Family forums are annual events hosted to bring those most deeply affected by workplace tragedy together – to connect, share, learn, and ultimately heal from the devastating blow that has rocked their family. With sessions and workshops, shared meals and casual conversations, ceremony and celebration, it’s a full and busy weekend.

Tears and laughter.
Personal sharing and quiet contemplation.
Deep sadness and rightful anger.
Emotional and physical pain.
Grief.
And so much love.

The love within and between families is obvious. For our family members whose lives were taken far too soon – the love is palpable. The love for our family members attending with us is clear. The love that quickly develops between our family members is visible on the first evening and apparent by the departing hugs and exchanges of contact information over lunch on Sunday.

What’s perhaps not as evident is the growing love and compassion for ourselves. It’s a transformation that we have the honour of witnessing in each other over time. But the truth is, that we can see the shift clearly over course of a family forum weekend, new speaker and volunteer family guide training, and in connection with a local community of support through Steps for Life. We see such growth and strength and self-love develop over time.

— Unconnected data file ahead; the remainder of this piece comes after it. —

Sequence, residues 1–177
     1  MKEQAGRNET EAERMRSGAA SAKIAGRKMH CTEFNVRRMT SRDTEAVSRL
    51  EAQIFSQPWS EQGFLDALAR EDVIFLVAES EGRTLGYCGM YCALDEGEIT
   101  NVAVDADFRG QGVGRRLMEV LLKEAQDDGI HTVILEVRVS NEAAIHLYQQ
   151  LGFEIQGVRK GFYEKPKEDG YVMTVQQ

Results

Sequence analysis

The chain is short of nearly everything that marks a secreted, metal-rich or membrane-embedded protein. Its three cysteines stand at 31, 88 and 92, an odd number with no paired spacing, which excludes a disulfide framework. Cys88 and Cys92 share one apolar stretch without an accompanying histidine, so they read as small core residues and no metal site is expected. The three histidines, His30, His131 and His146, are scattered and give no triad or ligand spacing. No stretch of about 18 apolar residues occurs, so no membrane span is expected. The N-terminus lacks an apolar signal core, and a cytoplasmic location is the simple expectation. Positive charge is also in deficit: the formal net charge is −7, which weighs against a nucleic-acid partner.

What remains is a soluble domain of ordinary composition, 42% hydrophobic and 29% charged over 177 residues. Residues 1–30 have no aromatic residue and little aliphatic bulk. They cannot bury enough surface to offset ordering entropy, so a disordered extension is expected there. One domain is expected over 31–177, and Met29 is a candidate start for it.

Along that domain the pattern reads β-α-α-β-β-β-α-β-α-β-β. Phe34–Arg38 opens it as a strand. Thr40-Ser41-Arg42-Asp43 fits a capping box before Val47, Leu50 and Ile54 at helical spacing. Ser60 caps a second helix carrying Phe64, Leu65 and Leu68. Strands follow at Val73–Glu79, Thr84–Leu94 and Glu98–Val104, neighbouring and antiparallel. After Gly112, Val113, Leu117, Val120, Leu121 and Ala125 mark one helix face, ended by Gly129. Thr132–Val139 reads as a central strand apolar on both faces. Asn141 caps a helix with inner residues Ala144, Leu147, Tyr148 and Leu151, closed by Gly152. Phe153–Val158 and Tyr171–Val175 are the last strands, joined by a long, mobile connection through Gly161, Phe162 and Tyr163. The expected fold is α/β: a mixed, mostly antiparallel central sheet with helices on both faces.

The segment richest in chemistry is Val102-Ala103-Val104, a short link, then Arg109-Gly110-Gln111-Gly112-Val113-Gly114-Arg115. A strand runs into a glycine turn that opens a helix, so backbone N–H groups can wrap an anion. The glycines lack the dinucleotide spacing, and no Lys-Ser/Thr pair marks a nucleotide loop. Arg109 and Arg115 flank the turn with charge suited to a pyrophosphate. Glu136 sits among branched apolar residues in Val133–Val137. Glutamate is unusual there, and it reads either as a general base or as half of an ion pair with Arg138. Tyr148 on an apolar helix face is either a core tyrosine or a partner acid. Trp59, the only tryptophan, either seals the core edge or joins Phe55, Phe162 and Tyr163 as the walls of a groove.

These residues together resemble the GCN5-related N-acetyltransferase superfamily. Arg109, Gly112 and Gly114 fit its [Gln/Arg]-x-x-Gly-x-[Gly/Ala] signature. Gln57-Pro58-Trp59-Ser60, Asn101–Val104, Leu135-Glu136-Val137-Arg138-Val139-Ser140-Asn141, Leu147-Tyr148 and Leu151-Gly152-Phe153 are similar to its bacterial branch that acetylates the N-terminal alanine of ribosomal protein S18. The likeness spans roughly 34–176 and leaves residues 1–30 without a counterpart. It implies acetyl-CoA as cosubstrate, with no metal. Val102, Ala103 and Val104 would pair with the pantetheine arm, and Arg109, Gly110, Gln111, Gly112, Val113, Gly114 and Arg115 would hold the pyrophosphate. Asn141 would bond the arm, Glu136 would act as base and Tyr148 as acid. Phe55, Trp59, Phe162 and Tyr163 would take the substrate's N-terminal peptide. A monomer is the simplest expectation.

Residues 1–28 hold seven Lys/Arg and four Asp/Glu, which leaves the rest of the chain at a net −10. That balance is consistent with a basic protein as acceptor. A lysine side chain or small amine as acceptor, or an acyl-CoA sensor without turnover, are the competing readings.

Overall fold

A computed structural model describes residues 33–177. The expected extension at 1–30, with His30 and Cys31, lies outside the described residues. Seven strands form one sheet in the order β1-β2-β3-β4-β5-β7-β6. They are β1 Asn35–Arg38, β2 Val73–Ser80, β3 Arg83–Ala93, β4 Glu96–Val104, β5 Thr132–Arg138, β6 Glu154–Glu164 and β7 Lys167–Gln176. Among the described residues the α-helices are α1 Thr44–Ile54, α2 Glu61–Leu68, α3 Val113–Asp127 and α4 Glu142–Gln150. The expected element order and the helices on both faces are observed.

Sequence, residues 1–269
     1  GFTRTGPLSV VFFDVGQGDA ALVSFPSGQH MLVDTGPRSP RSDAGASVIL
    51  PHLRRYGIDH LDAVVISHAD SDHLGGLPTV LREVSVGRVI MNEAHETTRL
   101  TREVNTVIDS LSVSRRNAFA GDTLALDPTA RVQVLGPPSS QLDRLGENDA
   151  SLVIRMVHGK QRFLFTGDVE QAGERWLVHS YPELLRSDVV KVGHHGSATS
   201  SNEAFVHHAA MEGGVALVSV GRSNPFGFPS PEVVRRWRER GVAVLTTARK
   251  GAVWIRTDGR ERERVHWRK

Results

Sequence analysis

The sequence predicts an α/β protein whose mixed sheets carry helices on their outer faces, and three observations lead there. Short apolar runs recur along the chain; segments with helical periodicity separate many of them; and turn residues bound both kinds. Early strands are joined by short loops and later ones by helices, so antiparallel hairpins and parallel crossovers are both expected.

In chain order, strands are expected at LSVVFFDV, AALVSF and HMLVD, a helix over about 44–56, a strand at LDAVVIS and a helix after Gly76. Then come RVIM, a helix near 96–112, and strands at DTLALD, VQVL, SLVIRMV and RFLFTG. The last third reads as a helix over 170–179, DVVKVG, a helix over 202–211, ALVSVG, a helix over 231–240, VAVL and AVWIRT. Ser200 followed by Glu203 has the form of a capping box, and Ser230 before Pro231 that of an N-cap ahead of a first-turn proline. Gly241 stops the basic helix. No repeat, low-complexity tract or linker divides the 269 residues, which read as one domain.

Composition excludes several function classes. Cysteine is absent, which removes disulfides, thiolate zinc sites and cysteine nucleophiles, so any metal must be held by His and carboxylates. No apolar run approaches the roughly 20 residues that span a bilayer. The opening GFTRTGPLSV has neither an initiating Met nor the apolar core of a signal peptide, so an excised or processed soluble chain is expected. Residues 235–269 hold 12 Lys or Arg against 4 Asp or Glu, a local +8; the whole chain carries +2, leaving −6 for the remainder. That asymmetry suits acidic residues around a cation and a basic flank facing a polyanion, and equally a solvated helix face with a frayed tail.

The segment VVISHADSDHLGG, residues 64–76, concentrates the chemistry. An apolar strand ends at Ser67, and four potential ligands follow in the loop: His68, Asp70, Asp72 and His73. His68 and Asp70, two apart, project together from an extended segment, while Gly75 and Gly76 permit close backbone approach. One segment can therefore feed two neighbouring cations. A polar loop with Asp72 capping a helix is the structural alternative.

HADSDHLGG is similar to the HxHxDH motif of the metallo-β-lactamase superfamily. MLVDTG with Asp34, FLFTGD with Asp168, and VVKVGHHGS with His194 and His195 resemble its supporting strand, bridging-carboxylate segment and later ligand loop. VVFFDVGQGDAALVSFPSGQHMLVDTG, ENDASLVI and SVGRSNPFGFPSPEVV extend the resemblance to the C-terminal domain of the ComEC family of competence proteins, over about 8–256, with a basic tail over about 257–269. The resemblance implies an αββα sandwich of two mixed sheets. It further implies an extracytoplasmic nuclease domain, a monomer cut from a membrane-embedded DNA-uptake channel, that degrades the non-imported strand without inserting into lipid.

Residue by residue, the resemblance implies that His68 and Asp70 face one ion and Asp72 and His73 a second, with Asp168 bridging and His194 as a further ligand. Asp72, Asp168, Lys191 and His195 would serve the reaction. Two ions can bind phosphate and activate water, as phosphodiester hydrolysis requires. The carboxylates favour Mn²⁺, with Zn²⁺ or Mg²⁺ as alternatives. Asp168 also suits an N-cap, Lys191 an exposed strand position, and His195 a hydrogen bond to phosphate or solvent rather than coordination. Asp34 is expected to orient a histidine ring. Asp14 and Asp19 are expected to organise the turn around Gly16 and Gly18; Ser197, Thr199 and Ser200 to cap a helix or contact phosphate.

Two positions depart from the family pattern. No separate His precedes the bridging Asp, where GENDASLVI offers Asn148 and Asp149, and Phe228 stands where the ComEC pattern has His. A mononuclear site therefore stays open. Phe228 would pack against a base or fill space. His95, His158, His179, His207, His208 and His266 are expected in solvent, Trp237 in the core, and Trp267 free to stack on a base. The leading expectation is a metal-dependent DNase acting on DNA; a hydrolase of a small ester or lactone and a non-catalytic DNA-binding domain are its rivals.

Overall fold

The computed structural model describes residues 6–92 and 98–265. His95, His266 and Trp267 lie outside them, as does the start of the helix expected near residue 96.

We learn healthy coping skills and gain understanding about our experience from the sessions. When combined with the connection and sharing that happens between family members, what we have is the opportunity for connection that is truly transformative.

At the Central Family Forum in September, Dianne Mino bravely stood up at the mic to share her process and reflections around the mask she had created in the art therapy session earlier that day. Thank you to Tracey for sharing the video, and deep thanks to Dianne for sharing your experience with us. It’s our honour to walk with you.

Sarah Wheelan

Sarah Wheelan

Sarah Wheelan is the Communications Coordinator for Threads of Life. She has a background in health and safety, and has also been personally affected by a workplace tragedy.
Sarah Wheelan
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